Women who have gestational glucose intolerance (a condition less severe than gestational diabetes) exhibit multiple cardiovascular risk factors as early as three months after birth, according to a new study accepted for publication in The Endocrine Society's Journal of Clinical Endocrinology & Metabolism (JCEM). Researchers in this study sought to evaluate the relationship between gestational glucose intolerance and postpartum risk of metabolic syndrome (defined as the clustering of several cardiometabolic risk factors including obesity, hypertension and low HDL cholesterol). Metabolic syndrome, like gestational diabetes itself, is associated with increased risk of developing type 2 diabetes and cardiovascular disease.
A fortuitous discovery that grew out of a collaboration between UCLA engineers and physicians could potentially offer hope to the nearly 10 million Americans who suffer from peripheral arterial disease. Also known as hardening of the arteries, peripheral arterial disease, or PAD, is a common circulatory problem in which narrowed arteries reduce blood flow to the limbs. The condition is considered a red flag for vascular disease, heart attack and stroke, and its progression can result in the loss of limbs or death. While there are currently several treatments for PAD, including balloon angioplasty, stenting and bypass surgery, devices used in the latter two can frequently cause thrombosis, in which clots form inside blood vessels, obstructing blood flow and leading to serious complications.
New Updates To AHA ACC SCAI Clinical Guidelines Recommend Treatment With Effient R For Patients With Acute Coronary Syndromes Managed With PCI
Effient(R) (prasugrel) tablets, a new antiplatelet medicine, was added as a treatment option in two clinical guideline updates: one for patients receiving percutaneous coronary intervention (PCI) and a second one for patients with ST elevation myocardial infarction (STEMI), or severe heart attack. The two 2009 focused updates for the clinical guidelines, jointly developed by the American Heart Association (AHA), the American College of Cardiology (ACC), and the Society for Cardiovascular Angiography and Interventions (SCAI), were published online today in Circulation, the Journal of the American College of Cardiology and Catheterization and Cardiovascular Interventions.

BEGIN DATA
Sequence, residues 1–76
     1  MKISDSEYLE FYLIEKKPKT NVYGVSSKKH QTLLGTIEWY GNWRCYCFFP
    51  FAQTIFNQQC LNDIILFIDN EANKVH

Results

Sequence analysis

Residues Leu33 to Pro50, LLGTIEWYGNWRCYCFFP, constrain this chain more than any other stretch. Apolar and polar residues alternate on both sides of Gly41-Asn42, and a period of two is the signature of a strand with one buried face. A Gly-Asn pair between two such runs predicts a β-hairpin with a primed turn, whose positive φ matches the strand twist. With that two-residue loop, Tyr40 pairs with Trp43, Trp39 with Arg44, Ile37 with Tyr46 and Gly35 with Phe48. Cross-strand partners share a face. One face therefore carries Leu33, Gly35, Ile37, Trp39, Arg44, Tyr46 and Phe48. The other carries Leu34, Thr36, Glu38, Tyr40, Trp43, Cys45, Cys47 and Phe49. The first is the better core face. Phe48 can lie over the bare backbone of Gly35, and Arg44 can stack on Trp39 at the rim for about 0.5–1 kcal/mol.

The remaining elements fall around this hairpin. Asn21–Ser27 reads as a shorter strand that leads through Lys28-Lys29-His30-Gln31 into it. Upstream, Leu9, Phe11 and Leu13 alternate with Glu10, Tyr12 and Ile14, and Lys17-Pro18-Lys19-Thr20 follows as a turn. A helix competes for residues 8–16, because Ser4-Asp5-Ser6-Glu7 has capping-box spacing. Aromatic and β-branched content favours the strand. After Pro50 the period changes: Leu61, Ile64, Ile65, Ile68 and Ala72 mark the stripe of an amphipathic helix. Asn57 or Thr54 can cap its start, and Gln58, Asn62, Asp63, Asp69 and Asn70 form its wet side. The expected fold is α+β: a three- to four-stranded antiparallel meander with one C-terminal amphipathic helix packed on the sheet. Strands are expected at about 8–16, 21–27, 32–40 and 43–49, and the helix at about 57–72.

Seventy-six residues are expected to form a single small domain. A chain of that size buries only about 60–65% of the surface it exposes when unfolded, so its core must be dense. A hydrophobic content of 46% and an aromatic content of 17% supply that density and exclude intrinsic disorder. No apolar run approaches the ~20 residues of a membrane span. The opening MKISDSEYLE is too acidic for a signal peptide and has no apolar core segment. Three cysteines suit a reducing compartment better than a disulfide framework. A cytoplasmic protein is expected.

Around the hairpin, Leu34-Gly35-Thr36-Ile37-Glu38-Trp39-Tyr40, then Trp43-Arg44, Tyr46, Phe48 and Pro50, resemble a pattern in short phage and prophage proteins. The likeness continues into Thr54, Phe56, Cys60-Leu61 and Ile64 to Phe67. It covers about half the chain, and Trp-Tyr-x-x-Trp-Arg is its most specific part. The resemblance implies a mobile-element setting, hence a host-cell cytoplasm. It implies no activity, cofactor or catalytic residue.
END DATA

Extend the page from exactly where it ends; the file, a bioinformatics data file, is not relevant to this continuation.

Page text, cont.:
IV Drug Administration During Treatment For Out-of-Hospital Cardiac Arrest Does Not Appear To Improve Long-Term Survival
Patients with an out-of-hospital cardiac arrest who received intravenous (IV) drug administration during treatment, recommended in life support guidelines, had higher rates of short term survival but no statistically significant improvement in survival to hospital discharge or long-term survival, compared to patients who did not receive IV drug administration, according to a study in the November 25 issue of JAMA. "Intravenous access and drug administration are integral parts of cardiopulmonary resuscitation (CPR) guidelines. Millions of patients have received epinephrine during advanced cardiac life support (ACLS) with little or no evidence of improved survival to hospital discharge, " the authors write.
Research conducted by University of Minnesota scientists, in collaboration with Celladon Corporation, has led to the invention of technology to more rapidly identify compounds for the treatment of heart failure. Chronic heart failure is an increasingly important health problem. It is the leading medical cause of hospitalization and is expected to result in an estimated direct and indirect cost to the health care system of $37.2 billion in 2009 alone. About 5.7 million people in the United States have heart failure, and it contributes to or causes some 290, 000 deaths annually. However, developing new treatments is an extremely costly and time-consuming process, taking nearly a decade to gain regulatory approval and requiring hundreds of millions of dollars.
The gastric cardiac adenocarcinoma (GCA) is a very rare disease. In recent decades, however, the incidence of the GCA has increased dramatically in many Western countries. An increasing trend in GCA is also observed in municipal regions but not in rural regions of China. Another striking feature is the strong male predominance among patients with GCA. Some of the reasons above are still unclear and require further epidemiological investigations. A research article published on November 21, 2009 in the World Journal of Gastroenterology addresses this problem. A research team from Taiwan investigated the etiologic factors shared by lifestyles, diet, and other environmental exposures associated with GCA among men in Taiwan.